Being a scientist can be a demanding job, and it is important to have strategies for stress alleviation. I exercise, which experience has shown is quite effective in taking my mind off of the next grant deadline. Still, at times it’s difficult to motivate myself to get up at the crack of dawn to exercise before work. That’s when I remember the burgeoning literature that shows exercise is also good for my physical health.
Of particular interest to me is a recent article that suggested a mechanism for the positive metabolic effects of exercise (Nature, 481:511-15, 2012). Surprisingly, this study linked it to autophagy, or the recycling system by which cells engulf and degrade parts of their own cytoplasm. Autophagy has also been linked to the age-slowing effects of reduced calorie intake (Adv Exp Med Biol, 694:47-60, 2010). This latter work indicated that when the...
It would be good to find a healthy way of dealing with what is stressing the scientific research community these days.
In the case of exercise, the damage that occurs during a workout triggers autophagy to recycle damaged cellular components. As a side product, parts of the cell that wear out during normal cell aging, such as mitochondria, could also be turned over. In other words, cellular damage that slowly occurs during aging could be removed as part of the response to exercise. So as a side benefit of muscle regeneration that occurs during exercise, other parts of the cells get regenerated as well.
This got me thinking. Stress is normally thought to be a bad thing, but in small doses, it can be quite helpful. Perhaps dealing with the stress that seems to be part and parcel of the current scientific experience could have some positive side effects as well.
It would be good to find a healthy way of dealing with what is stressing the scientific research community these days. We scientists have to deal with a shortage of available jobs, increased competition for spots in the best journals, and uncertainty about how to best advance our careers. Of particular concern is the tight funding that threatens the careers of all scientists.
An example of a beneficial pressure that could help relieve the current stress would be getting rid of scientific deadwood, such as investigators who no longer are actively engaged in research yet still hold positions, or scientists who are putting out research that has no significant impact.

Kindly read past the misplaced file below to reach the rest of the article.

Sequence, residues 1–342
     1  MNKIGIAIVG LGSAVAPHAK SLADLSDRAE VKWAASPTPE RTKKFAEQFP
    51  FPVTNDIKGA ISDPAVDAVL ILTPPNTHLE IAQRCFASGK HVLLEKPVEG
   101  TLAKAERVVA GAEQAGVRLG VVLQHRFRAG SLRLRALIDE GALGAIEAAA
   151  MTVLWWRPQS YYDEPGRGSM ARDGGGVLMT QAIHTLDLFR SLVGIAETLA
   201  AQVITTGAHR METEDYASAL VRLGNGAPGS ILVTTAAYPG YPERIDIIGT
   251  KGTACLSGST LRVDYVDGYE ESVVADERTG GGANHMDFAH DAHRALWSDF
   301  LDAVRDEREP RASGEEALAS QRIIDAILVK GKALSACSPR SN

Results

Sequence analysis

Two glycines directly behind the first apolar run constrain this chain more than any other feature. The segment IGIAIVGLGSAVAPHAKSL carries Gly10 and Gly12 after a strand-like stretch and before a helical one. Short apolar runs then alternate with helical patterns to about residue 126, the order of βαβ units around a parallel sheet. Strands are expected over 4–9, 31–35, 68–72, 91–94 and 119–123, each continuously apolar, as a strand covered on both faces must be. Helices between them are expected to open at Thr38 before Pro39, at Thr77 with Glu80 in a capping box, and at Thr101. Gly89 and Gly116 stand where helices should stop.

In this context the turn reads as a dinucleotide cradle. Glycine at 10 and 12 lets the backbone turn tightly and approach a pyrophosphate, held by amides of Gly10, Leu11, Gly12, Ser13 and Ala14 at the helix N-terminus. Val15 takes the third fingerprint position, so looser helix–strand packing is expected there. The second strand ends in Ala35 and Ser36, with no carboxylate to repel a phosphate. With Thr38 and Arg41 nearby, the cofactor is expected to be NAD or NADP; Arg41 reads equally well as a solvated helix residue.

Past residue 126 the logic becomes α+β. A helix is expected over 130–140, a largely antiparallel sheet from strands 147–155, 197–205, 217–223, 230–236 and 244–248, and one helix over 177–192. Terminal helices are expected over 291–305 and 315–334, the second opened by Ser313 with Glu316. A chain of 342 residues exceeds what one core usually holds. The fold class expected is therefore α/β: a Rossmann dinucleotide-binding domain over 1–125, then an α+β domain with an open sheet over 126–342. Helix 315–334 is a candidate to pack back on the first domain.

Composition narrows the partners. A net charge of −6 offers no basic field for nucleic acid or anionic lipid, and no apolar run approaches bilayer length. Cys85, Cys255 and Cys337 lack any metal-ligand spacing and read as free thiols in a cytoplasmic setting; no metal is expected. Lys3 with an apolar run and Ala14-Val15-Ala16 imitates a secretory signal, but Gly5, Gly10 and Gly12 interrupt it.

But for stress to be useful, it must be controlled—just as in exercise, the aim is to pressure the system enough to induce productive regeneration without injuring it. If the scientific community responds appropriately to the current stress, we can avoid long-term damage as well.
The most important regulators of the health of the scientific enterprise are the funding agencies. Their decisions about who will get funding dictates which areas of science will thrive, and which will wither. If funding decisions were to be made according to a strategy that seeks to reduce the deleterious effects of aging on the system, then funding should be shifted from more conservative to more innovative research. Science needs to be regenerating its intellectual focus to continue moving forward.
Unfortunately, many funding decisions are strongly influenced by more established scientists who are not necessarily motivated to shift funding away from traditional areas of research. There is a real danger that the increasingly stressful funding situation will eliminate the very elements that we need for renewal, instead of reducing less-productive but long-established parts of the scientific community.
Funding for new, innovative approaches to biology should have priority over more traditional research areas. Otherwise, the stress we are experiencing could end up accelerating our aging rather than our renewal.
H. Steven Wiley is lead biologist for the Environmental Molecular Sciences Laboratory at Pacific Northwest National Laboratory.